How chip shortage is impacting automakers, other industries

Time was when you turned on your car’s ignition, all that happened was that the mechanical system fired up your engine and made it run.

Today, the moment you do so, your stereo system probably lights up, connects to the Bluetooth on your smartphone, and lets you make calls through an audio assistant or play music from your phone, which you can hear on the car’s speakers.

All these smart features in a car are powered by semiconductors, or chips, as they are commonly called.

“We probably still remember how cars used to have cassette players or CD players, and a small display to show the time.

“Now, they have a full-blown display system, depending on whether you have an entry-level or a premium vehicle, and which consumer market it addresses,” says Manish Goel, senior director, system LSI, Samsung Semiconductor India R&D Centre.

“You can check and connect to multiple displays, grab data from multiple sensors to make smart decisions and enable rich user experiences for the passengers in the car.”

A modern car system with advanced features can have anywhere between 2,000 and 3,000 chips that perform various functions, including triggering the sensors for fuel level, airbags, and so on.

The smartphone that you will connect to in your car also has its own system of chips inside, powering everything from calling to touchscreens, Bluetooth to smart cameras, sensing movements to enabling charging. In fact, every single function that a smartphone performs is likely being done by a chip inside.

And now, a chip shortage is leading to delays in the production schedules of automakers.

It will also have an impact on electronics, and the medical devices and networking equipment industries.

The main reasons for the shortage are global and complex, explains Puneet Gupta, director at IHS Markit, a sales forecasting and market research firm.

“There has been a mismatch between different countries’ lockdowns or partial lockdowns and their demand and supply expectations.

“For example, the second wave affected India in April, May and June, and there were no orders.

“Similarly, Malaysia was in the grip of a wave around three months back,” says Gupta.

He adds that everybody in the ecosystem is hoarding or over-buying their stock of chips.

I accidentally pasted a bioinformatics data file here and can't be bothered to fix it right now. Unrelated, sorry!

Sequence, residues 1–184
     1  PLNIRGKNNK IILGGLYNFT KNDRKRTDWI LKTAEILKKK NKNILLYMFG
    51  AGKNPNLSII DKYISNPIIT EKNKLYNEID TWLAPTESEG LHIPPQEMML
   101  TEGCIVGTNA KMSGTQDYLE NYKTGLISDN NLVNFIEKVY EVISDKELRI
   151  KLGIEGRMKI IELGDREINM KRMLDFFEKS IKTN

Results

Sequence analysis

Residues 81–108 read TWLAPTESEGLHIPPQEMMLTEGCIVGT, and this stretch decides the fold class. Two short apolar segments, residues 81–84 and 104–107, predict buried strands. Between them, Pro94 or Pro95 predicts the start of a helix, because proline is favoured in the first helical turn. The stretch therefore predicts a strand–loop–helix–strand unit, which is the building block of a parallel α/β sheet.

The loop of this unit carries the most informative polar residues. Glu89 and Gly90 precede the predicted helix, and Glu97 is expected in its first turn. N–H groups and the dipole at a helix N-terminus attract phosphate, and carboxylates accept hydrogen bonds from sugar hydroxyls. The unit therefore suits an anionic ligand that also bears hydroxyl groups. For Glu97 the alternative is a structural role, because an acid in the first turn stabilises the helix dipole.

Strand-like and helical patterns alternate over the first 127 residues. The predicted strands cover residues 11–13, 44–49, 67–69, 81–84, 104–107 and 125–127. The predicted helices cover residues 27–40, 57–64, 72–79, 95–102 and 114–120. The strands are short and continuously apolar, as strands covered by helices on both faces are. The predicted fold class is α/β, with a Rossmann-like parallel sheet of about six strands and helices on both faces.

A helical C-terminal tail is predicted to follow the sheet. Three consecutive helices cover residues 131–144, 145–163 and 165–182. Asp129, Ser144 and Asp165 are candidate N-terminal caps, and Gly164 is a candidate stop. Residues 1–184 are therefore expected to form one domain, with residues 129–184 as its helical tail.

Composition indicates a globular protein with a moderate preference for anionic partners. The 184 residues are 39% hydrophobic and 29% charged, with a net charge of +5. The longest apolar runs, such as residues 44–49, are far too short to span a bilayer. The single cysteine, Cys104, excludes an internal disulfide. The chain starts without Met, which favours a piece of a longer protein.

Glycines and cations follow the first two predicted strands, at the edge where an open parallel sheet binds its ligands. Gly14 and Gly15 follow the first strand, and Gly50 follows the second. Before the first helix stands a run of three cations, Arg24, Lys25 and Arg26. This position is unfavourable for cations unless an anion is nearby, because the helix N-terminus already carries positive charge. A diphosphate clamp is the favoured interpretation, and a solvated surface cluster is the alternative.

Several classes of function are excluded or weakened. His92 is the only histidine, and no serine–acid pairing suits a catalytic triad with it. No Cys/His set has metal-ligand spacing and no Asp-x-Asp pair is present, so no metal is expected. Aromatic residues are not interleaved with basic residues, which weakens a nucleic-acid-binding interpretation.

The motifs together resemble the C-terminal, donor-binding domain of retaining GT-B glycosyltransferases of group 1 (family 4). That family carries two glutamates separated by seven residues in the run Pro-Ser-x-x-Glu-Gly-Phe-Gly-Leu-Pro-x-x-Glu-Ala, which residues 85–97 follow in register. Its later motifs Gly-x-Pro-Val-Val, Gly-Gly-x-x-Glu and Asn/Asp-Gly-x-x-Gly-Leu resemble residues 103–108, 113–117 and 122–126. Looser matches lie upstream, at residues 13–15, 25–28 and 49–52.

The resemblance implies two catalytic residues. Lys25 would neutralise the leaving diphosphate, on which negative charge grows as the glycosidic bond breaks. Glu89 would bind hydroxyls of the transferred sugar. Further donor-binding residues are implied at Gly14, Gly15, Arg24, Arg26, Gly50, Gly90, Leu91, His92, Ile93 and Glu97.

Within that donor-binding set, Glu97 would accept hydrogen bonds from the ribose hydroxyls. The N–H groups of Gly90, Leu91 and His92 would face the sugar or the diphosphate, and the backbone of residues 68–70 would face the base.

Some are even buying four times their usual stock of requirements.

Moreover, if a chip supplier stands to make a greater profit from a particular carmaker, they prefer to sell to that carmaker over others.

According to recent research by marketing analysis portal Finbold, apart from increasing demand from upcoming 5G capacity building, the semiconductor industry is seeing demand from electric vehicles and the battery industry.

Also, the pandemic has created a tremendous need for connectivity and conferencing solutions globally.

This in turn has driven demand for both in the cloud for solutions that allow people to collaborate and end-user devices such as personal computers and tablets that depend heavily on the semiconductor industry, Finbold added.

The global shortage of chips is also due to geopolitical factors.

A Harvard Business Review (HBR) piece written in February says that the trouble began when the Donald Trump administration last year began to strictly regulate the sale of chips to Chinese firms.

Then, in July and October 2020, fires broke out at two Japanese plants — one provides material to the semiconductor industry, while the other supplies chips to the automotive industry — aggravating the shortage.

Disruptions in the global transportation system have also added to the problem.

While some of the largest global chipmakers have upped their investments, “funding and building a new semiconductor fab is at least a five-year process,” HBR said.

It is the software at the heart of these chips that makes them perform the different functions, says Samsung’s Goel.

“Every year we have a new set of semiconductor chips, and they’re becoming more and more powerful and smart.

“And that has been fuelled by the consumer’s desire to be able to do more in a single device, whether it is a tablet or a smartphone,” he says.

The idea is to pack more capability into less space. So a smaller chip means more processing capability can be added in that space, and more chips can be made from a silicon wafer — the larger component from which chips are cut in a chip manufacturing plant or fab.

The unit of measurement of chips is a nanometer.

The cost of the chip is driven by its size and features.

“And that is physically driven by how much R&D you do, how intelligent you are making your chip, and how many chips you can make from a single wafer,” Goel adds.

Clearly, these are systems that cannot be set up overnight.

Gupta says that the chip shortage is likely to continue for another couple of years, and into the second half of 2023.

(As per industry estimates, while India’s current semiconductor demand is $24 billion, it is expected to reach $100 billion by 2025, giving an indication of the scale of the likely chip shortage in the country.)

Meanwhile, prices for chips used in cars have started going up.

Does this mean that there will be no new cars in the market until the situation returns to normal?

“This can lead to loss of production, demand-supply mismatch, and a focus back on lower variants.

“Customers can also expect longer delays for models and an increase in the waiting period,” says Gupta.

Photograph: Kim Kyung-Hoon/Reuters

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